Miners' strike 30 years on: Worth the price?
It was a bit like that famous scene in the film Zulu.
A small band of nervous British troops silently watching the horizon for the first glimpse of a warrior army they had never seen but with a ferocious reputation.
But this was a pit gate in North Staffordshire in March 1984 and marching towards the thin blue line of uniformed police officers were a couple of hundred miners who had just got off their buses from Barnsley.
It was dawn on day one of the miners' strike against planned pit closures. I was there with a television news crew to film the first glimpse of the flying pickets from Yorkshire.
Local Staffordshire miners had already told me they were not going to cross any picket lines so the comparison with a well-rehearsed film script was not too far off the mark.Opening shots
That relatively good humoured first morning gave no hint that we were looking at the opening shots of what became the most fiercely-fought industrial strike in modern industrial history.
For the following 12 months, based in the Midlands as a reporter for ITV, I regularly met Yorkshire miners bussed in through the night to picket pits in areas that were not as solidly behind the strike as back home.
Thirty years on I've been to some of those South Yorkshire communities where the pickets came from to ask whether the struggle was worth it?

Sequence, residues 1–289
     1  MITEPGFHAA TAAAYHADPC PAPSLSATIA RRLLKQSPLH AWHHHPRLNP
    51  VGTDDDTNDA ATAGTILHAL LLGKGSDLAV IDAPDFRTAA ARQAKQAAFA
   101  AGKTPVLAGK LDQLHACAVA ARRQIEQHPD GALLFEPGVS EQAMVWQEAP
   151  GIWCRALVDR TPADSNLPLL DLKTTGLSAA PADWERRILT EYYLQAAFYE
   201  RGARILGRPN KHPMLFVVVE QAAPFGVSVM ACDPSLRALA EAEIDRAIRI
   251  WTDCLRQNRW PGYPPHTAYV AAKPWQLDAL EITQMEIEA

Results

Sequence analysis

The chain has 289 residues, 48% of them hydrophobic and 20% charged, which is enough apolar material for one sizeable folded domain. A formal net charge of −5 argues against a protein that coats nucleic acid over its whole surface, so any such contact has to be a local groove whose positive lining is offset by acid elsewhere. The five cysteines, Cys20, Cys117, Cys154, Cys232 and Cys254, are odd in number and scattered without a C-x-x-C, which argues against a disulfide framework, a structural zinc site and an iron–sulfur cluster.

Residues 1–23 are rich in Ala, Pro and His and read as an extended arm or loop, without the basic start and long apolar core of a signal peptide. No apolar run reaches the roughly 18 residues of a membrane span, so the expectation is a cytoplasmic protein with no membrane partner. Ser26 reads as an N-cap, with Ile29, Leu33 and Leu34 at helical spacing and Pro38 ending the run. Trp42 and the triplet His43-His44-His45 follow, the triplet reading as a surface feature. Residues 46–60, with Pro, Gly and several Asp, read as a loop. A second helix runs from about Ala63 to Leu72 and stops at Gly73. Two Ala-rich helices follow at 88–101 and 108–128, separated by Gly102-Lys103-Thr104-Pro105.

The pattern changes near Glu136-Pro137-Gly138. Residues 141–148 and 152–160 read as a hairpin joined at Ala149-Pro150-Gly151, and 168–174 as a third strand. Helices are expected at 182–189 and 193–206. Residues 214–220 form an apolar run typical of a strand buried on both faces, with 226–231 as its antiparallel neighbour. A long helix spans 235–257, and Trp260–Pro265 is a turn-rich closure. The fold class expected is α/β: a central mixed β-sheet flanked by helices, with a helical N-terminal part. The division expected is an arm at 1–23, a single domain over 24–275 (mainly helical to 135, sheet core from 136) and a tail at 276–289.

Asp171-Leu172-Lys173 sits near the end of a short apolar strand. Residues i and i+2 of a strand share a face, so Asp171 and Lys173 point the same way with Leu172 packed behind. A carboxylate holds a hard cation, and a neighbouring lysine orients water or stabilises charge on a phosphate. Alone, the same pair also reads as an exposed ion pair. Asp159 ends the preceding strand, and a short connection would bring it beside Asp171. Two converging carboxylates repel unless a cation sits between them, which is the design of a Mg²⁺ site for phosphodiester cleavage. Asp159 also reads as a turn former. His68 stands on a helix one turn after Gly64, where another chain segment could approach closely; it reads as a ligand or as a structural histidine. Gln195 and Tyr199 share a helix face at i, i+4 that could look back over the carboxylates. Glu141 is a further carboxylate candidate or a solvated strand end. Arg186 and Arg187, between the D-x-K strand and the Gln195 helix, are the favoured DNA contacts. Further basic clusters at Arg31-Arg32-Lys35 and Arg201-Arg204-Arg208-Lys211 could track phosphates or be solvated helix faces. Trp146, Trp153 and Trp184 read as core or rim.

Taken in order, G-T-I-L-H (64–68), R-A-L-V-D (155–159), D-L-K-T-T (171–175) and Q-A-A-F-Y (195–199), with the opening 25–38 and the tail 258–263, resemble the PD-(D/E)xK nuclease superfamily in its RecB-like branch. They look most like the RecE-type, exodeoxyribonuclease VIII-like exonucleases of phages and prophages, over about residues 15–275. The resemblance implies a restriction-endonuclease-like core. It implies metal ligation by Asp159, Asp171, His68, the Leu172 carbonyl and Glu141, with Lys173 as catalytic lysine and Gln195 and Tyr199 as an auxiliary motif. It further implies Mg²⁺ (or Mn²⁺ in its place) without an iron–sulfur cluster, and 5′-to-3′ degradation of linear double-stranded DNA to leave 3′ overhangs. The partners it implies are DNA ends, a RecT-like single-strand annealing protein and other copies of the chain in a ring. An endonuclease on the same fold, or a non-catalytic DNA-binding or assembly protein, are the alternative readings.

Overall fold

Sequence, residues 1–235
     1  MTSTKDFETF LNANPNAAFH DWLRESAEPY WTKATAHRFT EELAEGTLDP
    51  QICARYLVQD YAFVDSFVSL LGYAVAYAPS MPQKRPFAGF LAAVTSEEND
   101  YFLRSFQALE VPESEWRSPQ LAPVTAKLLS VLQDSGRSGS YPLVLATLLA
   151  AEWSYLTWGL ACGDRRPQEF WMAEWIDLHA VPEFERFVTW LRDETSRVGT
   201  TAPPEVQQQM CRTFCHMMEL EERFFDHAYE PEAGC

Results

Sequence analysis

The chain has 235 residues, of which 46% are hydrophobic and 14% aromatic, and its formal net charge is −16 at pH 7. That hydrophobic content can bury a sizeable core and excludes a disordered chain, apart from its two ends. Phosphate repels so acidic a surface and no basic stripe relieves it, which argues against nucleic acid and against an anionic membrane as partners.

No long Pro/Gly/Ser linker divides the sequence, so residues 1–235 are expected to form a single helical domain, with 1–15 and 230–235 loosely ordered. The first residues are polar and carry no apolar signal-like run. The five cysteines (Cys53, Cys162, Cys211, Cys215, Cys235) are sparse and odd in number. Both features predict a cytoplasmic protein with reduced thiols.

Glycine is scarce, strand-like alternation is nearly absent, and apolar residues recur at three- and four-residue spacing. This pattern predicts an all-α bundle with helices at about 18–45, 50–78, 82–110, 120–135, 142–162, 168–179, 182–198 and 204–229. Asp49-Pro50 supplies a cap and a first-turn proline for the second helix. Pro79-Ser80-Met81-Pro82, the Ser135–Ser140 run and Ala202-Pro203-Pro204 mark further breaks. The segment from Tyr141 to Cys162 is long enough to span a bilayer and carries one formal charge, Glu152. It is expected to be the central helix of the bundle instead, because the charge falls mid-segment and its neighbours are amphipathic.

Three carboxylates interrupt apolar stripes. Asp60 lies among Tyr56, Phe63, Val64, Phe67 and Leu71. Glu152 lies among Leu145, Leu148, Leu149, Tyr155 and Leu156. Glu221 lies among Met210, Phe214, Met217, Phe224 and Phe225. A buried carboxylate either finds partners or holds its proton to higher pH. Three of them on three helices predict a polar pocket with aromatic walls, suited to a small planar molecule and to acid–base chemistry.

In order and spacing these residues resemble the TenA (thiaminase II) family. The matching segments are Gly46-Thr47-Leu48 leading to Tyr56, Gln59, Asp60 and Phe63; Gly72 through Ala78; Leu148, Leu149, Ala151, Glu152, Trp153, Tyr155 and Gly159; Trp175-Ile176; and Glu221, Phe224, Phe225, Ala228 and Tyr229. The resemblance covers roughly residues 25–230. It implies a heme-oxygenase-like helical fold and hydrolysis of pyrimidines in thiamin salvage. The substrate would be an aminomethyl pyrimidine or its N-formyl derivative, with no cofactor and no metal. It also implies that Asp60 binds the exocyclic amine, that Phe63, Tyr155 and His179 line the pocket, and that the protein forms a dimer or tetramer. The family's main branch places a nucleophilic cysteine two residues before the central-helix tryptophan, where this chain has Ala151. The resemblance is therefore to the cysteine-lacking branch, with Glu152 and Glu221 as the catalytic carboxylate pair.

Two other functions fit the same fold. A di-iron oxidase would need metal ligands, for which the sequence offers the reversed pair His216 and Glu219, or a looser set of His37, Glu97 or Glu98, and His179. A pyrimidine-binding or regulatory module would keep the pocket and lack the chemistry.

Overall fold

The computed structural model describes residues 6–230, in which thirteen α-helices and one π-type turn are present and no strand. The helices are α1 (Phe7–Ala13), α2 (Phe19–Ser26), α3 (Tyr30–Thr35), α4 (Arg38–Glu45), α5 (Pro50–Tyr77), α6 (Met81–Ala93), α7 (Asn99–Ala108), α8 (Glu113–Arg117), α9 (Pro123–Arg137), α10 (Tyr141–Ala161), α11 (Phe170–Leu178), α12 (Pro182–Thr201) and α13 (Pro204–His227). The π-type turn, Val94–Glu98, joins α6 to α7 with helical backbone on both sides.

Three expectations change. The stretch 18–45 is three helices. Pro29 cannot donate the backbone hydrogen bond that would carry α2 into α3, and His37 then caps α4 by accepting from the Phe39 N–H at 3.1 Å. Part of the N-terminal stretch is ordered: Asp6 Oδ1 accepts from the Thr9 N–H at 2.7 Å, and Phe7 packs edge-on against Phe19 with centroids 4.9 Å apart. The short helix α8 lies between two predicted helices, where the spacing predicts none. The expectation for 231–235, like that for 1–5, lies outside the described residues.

"No question of it," I was told by former collier Steve Wyatt as we stood by a newly-installed monument to nearly a century of mining at Dodworth, near Barnsley.
Steve's absolute conviction is despite the fact that the memorial's small replica pit wheel is now the only trace left of nearly a century of mining in the village.
The strike failed to secure the future of the huge Dodworth Colliery which once stood a five-minute walk away from where Steve and I were standing along with Jack Carr, in 1984 NUM Branch Secretary at the pit but now a local councillor.
"We had no choice. The strike was an attack on our communities," said Jack. "OK, so we lost in terms of keeping the collieries open, but we couldn't just let it happen without a fight."Road to nowhere
In fact, Yorkshire now has just two collieries left from the 56 operating before the strike. A workforce of over 80,000 is now down to under 800. Three decades later the fight is still going on to replace those lost jobs.
Dodworth has been luckier than most. The bulldozed pit top has now been redeveloped and 2,000 people work in the new industries that have moved on to what is now an industrial estate.
"It's a great achievement but the jobs are nowhere near as well paid or secure as what we had in the pit," I was told by Jack.
Other former coal communities have not fared so well.
Twenty miles away, on the outskirts of Doncaster, the lane that hundreds of miners used to tramp down for their shifts at Thorne colliery is now the road to nowhere.
It has been barricaded with reclaimed structural steel and bits of old conveyor belt to stop motorcyclists and vandals but the flattened pit top remains as untouched and derelict as the day the bulldozers moved off.
"We've been forgotten," I was told by George Derx, the mayor of the local town council of Thorne Moorends. "Shops, businesses and jobs moved out when the local pits shut down and they haven't come back."
For communities like this the miners' strike is no mere footnote in history. Here they are still living with the consequences of what miners see as their failure to stop the government from its wholesale dismantling of the industry.